Cocteau, Glass tell surrealistic Orpheus tale

San Francisco’s Ensemble Parallele, a contemporary chamber opera company, is up for a new adventure, presenting the local premiere of Philip Glass’ “Orphée” (“Orpheus”) this weekend at Herbst Theatre.

Ensemble Parallele music director and conductor Nicole Paiement is at the helm of the production, featuring one of Glass’ more accessible scores, with design and direction by Brian Staufenbiel.

While movies sometimes are source material for musicals — for example, Sondheim’s “A Little Night Music,” a glorious stage version of Bergman’s “Smiles of a Summer Night created 38 years ago — it took the ever-experimenting Glass to create a series of operas from classic films by Jean Cocteau.

Glass first made an opera from Cocteau’s 1949 “Orphée” before going on to “La Belle et la Bete” (“Beauty and the Beast”) and “Les Enfants Terribles” (“Children of the Game”).

Set in contemporary Paris, “Orphée” the movie is based on the Greek myth about Orpheus, the son of the god Apollo, whose most familiar exploit was to descend into the underworld to reclaim his dead wife, Eurydice.

Far from the straightforward story of the legend, the film and opera are both bizarre creations.

In this Ensemble Parallele production, Eugene Brancoveanu plays the title character; other characters include a Princess (Marnie Breckenridge), Eurydice (Susannah Biller) and a young poet (Thomas Glenn).

In one scene, the body of the murdered poet is driven in the Princess’ car, with Orpheus and others along for the ride, as the radio plays abstract poetry, “in the form of seemingly meaningless messages, like those broadcast to the French Resistance from London during the Occupation.”

Breckenridge, who sang David Conte’s settings of Anne Sexton’s poetry with Ensemble Parallele last year, is enthusiastic about music director Paiement. She says, “She breathes with the singers, infuses each phrase with feeling, and honors every note the composer wrote.”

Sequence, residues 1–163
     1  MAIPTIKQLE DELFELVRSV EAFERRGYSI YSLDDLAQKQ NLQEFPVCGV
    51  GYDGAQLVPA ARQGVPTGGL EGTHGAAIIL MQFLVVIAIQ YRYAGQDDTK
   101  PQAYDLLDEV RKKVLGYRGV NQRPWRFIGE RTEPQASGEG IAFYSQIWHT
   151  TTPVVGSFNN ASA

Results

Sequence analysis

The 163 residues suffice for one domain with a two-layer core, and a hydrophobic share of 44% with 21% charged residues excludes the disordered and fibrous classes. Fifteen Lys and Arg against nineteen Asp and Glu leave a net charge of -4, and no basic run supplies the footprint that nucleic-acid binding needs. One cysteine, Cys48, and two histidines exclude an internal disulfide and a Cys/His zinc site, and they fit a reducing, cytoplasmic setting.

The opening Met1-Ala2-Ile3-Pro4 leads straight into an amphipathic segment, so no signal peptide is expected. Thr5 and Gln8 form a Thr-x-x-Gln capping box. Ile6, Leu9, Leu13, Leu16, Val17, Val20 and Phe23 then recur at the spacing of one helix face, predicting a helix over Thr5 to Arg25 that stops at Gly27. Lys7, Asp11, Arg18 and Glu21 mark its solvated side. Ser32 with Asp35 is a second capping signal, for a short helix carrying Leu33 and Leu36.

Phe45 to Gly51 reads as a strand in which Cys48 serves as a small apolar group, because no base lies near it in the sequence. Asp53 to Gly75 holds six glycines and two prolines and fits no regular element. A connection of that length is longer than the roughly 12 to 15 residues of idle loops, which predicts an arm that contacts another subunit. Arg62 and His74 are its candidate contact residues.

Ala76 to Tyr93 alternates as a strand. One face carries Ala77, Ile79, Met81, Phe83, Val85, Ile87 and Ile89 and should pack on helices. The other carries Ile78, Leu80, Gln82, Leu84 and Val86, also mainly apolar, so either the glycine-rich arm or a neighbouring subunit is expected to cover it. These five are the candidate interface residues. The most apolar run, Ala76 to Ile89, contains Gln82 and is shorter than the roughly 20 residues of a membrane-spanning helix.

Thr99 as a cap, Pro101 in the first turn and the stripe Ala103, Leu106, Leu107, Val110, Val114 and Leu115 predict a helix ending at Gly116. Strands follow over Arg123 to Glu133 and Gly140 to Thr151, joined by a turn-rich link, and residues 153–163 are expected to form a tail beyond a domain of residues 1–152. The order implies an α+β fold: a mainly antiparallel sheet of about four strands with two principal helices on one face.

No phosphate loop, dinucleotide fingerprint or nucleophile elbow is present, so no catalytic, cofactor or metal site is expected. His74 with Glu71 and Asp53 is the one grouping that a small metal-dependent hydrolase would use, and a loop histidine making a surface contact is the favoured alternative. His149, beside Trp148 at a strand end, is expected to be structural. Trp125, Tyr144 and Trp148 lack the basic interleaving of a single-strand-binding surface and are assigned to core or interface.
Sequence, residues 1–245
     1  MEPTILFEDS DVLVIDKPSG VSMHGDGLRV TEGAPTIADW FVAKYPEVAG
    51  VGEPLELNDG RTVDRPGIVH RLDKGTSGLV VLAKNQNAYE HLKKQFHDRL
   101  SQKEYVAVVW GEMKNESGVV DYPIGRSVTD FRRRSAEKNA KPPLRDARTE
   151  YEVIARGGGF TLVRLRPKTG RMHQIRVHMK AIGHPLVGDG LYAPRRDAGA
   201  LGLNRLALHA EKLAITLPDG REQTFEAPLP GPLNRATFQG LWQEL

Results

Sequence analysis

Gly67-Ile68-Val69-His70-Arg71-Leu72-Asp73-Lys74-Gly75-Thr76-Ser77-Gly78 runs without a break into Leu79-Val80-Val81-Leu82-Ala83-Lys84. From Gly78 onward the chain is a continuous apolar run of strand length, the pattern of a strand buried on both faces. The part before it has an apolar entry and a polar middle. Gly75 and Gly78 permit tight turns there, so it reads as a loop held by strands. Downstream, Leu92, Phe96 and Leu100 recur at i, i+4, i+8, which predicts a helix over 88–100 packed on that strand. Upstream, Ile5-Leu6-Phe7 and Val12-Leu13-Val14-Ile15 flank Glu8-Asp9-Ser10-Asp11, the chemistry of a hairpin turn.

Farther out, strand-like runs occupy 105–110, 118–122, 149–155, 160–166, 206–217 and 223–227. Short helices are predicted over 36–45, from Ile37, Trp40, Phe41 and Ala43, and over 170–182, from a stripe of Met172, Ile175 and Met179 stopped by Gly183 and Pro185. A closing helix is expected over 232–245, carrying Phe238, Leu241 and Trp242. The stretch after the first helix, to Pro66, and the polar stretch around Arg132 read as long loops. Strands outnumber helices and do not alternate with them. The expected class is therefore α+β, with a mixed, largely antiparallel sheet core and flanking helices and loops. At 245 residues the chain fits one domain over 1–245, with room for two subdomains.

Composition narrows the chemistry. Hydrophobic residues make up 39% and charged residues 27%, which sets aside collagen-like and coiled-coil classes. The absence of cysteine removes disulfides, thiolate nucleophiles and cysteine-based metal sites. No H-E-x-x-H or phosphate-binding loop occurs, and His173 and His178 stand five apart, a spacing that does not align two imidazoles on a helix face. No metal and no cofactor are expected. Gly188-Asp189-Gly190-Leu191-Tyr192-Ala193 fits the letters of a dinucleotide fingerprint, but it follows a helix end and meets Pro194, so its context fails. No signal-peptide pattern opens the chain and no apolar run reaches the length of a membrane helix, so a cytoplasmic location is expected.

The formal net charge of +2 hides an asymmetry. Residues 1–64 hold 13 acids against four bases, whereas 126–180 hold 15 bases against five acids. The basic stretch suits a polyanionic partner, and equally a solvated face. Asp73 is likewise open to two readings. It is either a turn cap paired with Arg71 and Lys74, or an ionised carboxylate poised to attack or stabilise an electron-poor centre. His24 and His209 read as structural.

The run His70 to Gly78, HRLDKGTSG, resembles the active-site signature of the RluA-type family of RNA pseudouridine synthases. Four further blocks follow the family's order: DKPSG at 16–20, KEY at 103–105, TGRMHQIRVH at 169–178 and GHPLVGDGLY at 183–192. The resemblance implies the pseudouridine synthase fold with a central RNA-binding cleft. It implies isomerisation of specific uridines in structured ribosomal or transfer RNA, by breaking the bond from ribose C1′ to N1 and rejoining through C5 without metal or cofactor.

The soprano also is excited about her first role in a Glass work because she plays a character that is in control. She says, “I get to play a regal woman who is in the driver’s seat, so to speak. This gives me a break from some of the weaker, more victimized women, in my usual repertoire.” Among those roles are Cleopatra, Gilda, Lucia and Lulu — all characters who met tragic ends.



Presented by Ensemble Parallele

Where: Herbst Theatre, 401 Van Ness Ave., San Francisco

8 p.m. Saturday, 2 p.m. Sunday

$25 to $85

Contact: (415) 392-4400,

Opera around the Bay

While San Francisco Opera is dark until summer, other companies across the region —  in addition to Ensemble Parallele — offer a range of options. Here are a few upcoming productions:

Opera San Jose

Rossini’s “The Barber of Seville” runs today through Sunday at the California Theatre, 345 S. First St., San Jose;

West Bay Opera

Puccini’s “Turandot” runs Saturday and Sunday at Lucie Stern Theatre, 1305 Middlefield Road, Palo Alto;

S.F. Conservatory of Music

Handel’s “Alcina” runs March 5-6 at 50 Oak St., S.F.;

Pocket Opera

Donizetti’s “The Elixir of Love” is at 2 p.m. Sunday at Marines Memorial Theatre, 609 Sutter St., S.F.;

Berkeley West Edge Opera

Bizet-Khuner-Streshinsky’s “The Carmen Fixation” runs March 5-13 at Performing Arts Theater, 540 Ashbury Ave., El Cerrito;

Martinez Opera

Bizet’s “Carmen” is at 7 p.m. March 12 at the Alhambra Performing Arts Center, 150 E St., Martinez;

North Bay Opera

Verdi’s “Falstaff” runs March 6-12 at Fairfield Center for Creative Arts, 1035 Texas St., Fairfield;

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